PSG is a club built out of ambition. Established in 1970, it’s the brainchild of a group of Parisian businessmen who saw opportunity in Paris—the last great European city without a major team. 46 years old is neonatal in soccer terms; the lineages of most major clubs, like FC Barcelona, Manchester United, and Juventus F.C. date to the 19th century. PSG struggled to establish themselves until 2011, when the club was sold to QSI—an investment group owned by the Qatari royal family. With QSI came lots of money. And with lots of money came lots of expectations.
By most measures, PSG has flourished under the ownership of QSI. The richest team in France by a vast margin, they’ve won three consecutive league titles and all four French competitions in 2015-16. But to the world’s eyes, the French league is a backwater compared to England, Germany, Italy, and Spain.
The proof of this is France and PSG’s regular failure in the Champions League, the biggest prize in club soccer: a pan-European competition between the best teams on the continent, where they’ve consistently underperformed. [Used to dominating poorer teams in their smaller league, PSG will only get regular practice facing top talent if a major rival with significant financial backing emerges in the French league.]
This whole tour to America is a calculated effort. With no great league here, but a diverse, burgeoning generation of soccer fans, America is fertile ground for teams like PSG looking to expand their fanbase. “We are a young team,” says Fabien Allegre, a PSG executive, “And so we need to disrupt. We want to bring in the youth with culture, with art.”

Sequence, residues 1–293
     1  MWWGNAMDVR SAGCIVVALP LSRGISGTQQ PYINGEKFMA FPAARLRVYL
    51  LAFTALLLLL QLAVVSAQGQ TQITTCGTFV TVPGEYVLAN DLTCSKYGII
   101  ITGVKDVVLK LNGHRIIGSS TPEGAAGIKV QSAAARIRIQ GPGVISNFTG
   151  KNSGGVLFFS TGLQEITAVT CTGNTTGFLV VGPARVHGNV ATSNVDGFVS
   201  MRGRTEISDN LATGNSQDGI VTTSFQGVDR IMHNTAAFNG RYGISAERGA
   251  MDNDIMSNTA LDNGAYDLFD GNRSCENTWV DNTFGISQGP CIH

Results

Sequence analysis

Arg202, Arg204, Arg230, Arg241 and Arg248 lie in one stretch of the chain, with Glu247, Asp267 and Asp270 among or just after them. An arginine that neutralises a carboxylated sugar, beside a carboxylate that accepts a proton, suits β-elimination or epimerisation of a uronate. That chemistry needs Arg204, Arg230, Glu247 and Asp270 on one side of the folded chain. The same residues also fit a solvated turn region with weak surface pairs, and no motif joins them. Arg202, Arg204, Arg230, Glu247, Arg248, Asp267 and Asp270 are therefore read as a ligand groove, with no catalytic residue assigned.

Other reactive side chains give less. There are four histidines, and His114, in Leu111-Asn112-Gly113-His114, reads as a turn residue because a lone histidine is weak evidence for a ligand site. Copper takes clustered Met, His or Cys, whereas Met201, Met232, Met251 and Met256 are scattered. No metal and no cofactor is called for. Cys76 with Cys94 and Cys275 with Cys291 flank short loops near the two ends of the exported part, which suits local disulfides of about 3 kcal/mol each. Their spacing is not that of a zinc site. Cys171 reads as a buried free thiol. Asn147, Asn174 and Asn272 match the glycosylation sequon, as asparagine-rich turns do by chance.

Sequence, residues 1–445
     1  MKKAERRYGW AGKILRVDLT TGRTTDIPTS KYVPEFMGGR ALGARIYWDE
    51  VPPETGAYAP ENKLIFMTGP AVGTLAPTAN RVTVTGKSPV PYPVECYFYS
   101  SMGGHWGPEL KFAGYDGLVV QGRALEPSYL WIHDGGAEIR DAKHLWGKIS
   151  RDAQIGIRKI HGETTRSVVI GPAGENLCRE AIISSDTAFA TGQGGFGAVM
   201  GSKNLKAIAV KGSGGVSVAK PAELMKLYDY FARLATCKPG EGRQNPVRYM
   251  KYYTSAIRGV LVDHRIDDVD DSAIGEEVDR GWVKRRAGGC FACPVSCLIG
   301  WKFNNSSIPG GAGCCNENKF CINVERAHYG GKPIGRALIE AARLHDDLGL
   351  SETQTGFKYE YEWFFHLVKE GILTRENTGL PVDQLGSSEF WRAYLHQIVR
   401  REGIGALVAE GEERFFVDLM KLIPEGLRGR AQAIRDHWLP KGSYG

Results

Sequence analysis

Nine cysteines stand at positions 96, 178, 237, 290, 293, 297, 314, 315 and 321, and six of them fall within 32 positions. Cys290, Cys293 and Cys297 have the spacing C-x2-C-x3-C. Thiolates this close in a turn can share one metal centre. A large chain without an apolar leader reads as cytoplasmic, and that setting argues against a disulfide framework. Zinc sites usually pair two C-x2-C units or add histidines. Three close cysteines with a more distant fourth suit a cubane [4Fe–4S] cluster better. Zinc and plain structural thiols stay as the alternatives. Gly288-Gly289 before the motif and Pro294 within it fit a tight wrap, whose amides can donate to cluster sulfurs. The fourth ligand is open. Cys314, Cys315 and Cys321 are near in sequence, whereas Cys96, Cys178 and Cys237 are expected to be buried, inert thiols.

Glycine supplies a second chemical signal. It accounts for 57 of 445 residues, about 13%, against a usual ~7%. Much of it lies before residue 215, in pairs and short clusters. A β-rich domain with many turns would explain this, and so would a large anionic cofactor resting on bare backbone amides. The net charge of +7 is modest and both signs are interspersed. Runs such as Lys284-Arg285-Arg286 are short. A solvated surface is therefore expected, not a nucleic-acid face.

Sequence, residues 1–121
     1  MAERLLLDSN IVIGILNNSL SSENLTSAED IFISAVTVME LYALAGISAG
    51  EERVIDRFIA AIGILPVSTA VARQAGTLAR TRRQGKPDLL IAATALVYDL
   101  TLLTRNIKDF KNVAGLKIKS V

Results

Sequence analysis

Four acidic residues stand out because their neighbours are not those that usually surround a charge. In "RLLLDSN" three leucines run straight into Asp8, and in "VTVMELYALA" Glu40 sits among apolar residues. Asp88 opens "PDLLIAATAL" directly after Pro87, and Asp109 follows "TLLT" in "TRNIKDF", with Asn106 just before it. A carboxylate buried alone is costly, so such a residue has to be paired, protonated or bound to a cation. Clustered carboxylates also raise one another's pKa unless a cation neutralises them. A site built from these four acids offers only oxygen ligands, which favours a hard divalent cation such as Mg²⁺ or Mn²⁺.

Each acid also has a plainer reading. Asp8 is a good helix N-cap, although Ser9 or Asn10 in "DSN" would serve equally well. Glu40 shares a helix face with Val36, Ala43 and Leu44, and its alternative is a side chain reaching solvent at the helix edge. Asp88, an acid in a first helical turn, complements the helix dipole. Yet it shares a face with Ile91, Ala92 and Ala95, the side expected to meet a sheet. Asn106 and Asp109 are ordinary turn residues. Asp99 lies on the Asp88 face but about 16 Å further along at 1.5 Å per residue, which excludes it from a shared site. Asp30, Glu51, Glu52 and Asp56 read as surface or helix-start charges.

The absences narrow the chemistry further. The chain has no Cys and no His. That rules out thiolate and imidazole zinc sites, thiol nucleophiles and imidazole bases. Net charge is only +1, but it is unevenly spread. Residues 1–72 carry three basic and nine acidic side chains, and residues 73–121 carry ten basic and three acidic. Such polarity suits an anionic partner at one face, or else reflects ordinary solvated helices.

And while the strength of their brand is partly a function of the aesthetically pleasing way the team plays and the iconic players on the roster, it’s also, you know, Paris. Kevin Trapp, the goalkeeper, gushes, “The city is incredible. It’s not just one center, there are so many different kinds of spots.” And just as it’s easier to convince a player—and his wife or girlfriend—to move to Paris than to Donetsk or Istanbul, it’s not hard to see the appeal of adopting the City of Lights as a fan.
America used to be terra incognita for soccer, the last bastion of invisibility for a global superstar. But the times are changing. Shouts of recognition greet the players as they walk into the street. And later in the week, as I sit in a bar at LAX, watching PSG play a game against the English champions, Leicester City, a businessman sitting next to me mutters “Fucking Cavani” in a Southern drawl after a missed shot. There’s nowhere to hide anymore.
Photographer: Ian Morrison for Opus Reps.
Stylist: Monty Jackson for The Wall Group.
Groomer: Paul Desmarre for Exclusive Artists Management.
Director: Alyn Horton
Director of Photography: Shawn Butcher
Editor/FX: Michael Frost
Location: AT&T Center Helipad.
Special thanks to Hugo Boss for providing looks from their FW16 collection, see the lookbook here.